public class HibernateUtil {

	public static void main(String[] args) {

		Configuration cf = new Configuration().configure("hibernate.cfg.xml");

		StandardServiceRegistryBuilder srb = new StandardServiceRegistryBuilder();
		srb.applySettings(cf.getProperties());
		ServiceRegistry sr = srb.build();
		SessionFactory sf = cf.buildSessionFactory(sr);

		Session session = sf.openSession();
		StudentEntity std = (StudentEntity) session.load(StudentEntity.class, new Integer(2));
		Transaction tx = session.beginTransaction();
		session.delete(std);
		tx.commit();
		System.out.println("Object Deleted successfully !");
		session.close();
		sf.close();
	}
}

 
In the above program we are deleting an object, which is already persisted (inserted) in the database; So in order to delete an persisted object, we need to load that object from the database and pass that object to the delete() method of Session interface, now hibernate delete that object whenever the transaction is committed.
 
In the article Steps to be followed to use Hibernate in Java, I have explained the configuration/code used in above program in detail.
 

Data in DB before running the program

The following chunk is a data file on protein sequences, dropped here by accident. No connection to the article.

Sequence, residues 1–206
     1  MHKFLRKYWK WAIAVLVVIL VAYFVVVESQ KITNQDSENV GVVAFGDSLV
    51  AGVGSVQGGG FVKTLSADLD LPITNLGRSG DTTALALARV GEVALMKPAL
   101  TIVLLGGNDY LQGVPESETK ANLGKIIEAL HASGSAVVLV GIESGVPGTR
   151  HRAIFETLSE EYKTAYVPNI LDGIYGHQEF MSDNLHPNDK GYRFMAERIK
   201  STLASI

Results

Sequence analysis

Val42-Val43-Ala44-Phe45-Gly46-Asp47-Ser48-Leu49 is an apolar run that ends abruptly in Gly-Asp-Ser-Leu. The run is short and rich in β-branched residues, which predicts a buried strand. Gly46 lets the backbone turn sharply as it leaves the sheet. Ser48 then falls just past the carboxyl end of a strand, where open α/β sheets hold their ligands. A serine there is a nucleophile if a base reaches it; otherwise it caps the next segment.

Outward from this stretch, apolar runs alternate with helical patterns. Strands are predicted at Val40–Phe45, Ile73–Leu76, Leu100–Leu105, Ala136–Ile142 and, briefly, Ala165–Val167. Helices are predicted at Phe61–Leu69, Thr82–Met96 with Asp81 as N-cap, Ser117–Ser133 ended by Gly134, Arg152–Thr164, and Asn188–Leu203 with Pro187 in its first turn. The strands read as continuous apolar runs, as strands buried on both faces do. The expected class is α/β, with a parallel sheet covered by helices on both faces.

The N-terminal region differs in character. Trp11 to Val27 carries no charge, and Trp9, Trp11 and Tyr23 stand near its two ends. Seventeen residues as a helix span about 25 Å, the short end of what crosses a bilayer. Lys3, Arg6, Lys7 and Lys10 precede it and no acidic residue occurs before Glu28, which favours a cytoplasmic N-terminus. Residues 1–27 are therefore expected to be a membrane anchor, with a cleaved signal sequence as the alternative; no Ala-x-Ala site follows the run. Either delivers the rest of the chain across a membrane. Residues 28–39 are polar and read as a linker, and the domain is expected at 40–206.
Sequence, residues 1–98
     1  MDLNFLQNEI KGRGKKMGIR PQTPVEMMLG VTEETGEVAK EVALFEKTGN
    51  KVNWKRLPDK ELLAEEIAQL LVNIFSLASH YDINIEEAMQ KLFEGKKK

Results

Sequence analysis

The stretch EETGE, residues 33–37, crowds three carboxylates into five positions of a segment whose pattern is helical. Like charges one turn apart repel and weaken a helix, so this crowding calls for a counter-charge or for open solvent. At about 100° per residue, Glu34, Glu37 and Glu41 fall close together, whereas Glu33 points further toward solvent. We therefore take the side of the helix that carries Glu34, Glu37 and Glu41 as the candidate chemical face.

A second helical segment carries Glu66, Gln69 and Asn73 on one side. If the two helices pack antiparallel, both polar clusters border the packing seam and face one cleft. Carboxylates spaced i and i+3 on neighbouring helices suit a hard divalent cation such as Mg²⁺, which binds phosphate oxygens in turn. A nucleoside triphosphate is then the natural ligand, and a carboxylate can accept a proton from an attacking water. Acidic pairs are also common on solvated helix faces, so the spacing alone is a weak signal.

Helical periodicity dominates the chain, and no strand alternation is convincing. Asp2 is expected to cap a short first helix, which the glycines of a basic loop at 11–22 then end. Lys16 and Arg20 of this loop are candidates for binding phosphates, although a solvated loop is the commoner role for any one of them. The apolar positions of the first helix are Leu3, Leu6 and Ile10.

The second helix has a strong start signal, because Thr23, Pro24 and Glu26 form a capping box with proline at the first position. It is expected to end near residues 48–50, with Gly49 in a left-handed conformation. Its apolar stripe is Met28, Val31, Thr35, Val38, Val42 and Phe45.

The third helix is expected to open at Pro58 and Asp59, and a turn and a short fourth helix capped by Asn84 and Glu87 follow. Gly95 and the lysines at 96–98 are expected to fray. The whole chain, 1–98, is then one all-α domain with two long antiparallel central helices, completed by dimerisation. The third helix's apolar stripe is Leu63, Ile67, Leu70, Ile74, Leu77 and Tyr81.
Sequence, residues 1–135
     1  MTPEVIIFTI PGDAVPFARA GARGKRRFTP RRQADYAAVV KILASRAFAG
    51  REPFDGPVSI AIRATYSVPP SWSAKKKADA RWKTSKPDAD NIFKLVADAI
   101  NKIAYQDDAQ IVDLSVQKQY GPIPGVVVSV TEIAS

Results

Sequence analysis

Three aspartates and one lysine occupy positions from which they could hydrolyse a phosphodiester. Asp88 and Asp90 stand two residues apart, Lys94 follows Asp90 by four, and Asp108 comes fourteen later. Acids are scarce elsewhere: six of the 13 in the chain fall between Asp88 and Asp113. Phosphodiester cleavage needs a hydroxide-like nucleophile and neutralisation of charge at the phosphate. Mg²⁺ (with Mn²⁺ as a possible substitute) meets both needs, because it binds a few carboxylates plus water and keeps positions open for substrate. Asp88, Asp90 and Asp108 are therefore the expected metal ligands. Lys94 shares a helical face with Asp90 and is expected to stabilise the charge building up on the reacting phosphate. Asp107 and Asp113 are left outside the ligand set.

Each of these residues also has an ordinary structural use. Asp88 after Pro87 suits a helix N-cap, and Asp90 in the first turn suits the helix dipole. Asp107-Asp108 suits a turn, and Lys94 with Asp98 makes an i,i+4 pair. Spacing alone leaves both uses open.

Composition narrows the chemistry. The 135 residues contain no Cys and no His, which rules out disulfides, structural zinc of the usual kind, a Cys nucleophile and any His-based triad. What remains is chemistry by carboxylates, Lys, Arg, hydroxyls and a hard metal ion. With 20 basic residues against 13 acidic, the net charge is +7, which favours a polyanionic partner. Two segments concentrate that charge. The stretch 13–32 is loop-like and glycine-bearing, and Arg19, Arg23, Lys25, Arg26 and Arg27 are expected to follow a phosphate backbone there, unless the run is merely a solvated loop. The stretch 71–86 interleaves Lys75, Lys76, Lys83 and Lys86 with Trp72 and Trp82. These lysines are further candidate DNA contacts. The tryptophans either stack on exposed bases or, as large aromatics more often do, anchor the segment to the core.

Hibernate DB
 

Run it – Eclipse Console

 
Hibernate Delete
 

Data in DB after running the program

 
Delete after
 

Read More

Hibernate Select Query

Posted by on Mar 15, 2015 in Hibernate, Hibernate Annotation | 0 comments

Hibernate Select Query
 
In previous article we learnt to implement Hibernate 4 Insert Query example in Eclipse, In this article I will implement an example on loading the object from the database(Select Query) using Hibernate.
 

Project Structure

 
HibernateHelloWorld
 

Entity class

 

package entity;

import javax.persistence.Column;
import javax.persistence.Entity;
import javax.persistence.GeneratedValue;
import javax.persistence.Id;
import javax.persistence.Table;

@Entity
@Table(name = "STUDENT")
public class StudentEntity {

	@Id
	@Column(name = "ID")
	private int id;